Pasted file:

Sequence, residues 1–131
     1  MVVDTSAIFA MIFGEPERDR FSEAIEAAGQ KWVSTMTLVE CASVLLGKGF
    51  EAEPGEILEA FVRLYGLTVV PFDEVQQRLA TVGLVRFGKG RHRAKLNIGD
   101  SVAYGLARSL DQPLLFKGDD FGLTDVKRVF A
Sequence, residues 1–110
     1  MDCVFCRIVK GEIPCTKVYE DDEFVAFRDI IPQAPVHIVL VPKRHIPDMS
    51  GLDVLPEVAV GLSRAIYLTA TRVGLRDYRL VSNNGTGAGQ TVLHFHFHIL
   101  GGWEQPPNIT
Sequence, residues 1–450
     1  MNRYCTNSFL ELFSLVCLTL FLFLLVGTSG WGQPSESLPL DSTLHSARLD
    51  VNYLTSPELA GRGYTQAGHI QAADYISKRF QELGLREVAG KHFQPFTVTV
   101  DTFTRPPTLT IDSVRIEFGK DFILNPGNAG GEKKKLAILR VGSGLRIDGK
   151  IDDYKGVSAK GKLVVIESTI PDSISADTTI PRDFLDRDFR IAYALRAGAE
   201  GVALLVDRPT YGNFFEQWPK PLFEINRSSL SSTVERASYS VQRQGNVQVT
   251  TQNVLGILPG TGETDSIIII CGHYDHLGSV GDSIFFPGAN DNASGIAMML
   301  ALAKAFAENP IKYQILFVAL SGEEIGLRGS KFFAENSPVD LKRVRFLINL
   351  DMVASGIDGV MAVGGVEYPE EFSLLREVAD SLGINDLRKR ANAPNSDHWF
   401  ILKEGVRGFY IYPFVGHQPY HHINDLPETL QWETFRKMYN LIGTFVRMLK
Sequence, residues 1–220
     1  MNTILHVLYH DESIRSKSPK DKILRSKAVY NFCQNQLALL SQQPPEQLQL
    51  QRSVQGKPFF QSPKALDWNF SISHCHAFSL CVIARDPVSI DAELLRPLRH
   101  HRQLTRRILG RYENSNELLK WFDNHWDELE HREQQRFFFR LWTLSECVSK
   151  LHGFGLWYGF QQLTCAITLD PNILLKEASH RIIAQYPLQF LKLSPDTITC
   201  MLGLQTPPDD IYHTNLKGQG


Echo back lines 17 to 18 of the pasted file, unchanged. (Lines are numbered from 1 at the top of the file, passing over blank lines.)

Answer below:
   351  DMVASGIDGV MAVGGVEYPE EFSLLREVAD SLGINDLRKR ANAPNSDHWF
   401  ILKEGVRGFY IYPFVGHQPY HHINDLPETL QWETFRKMYN LIGTFVRMLK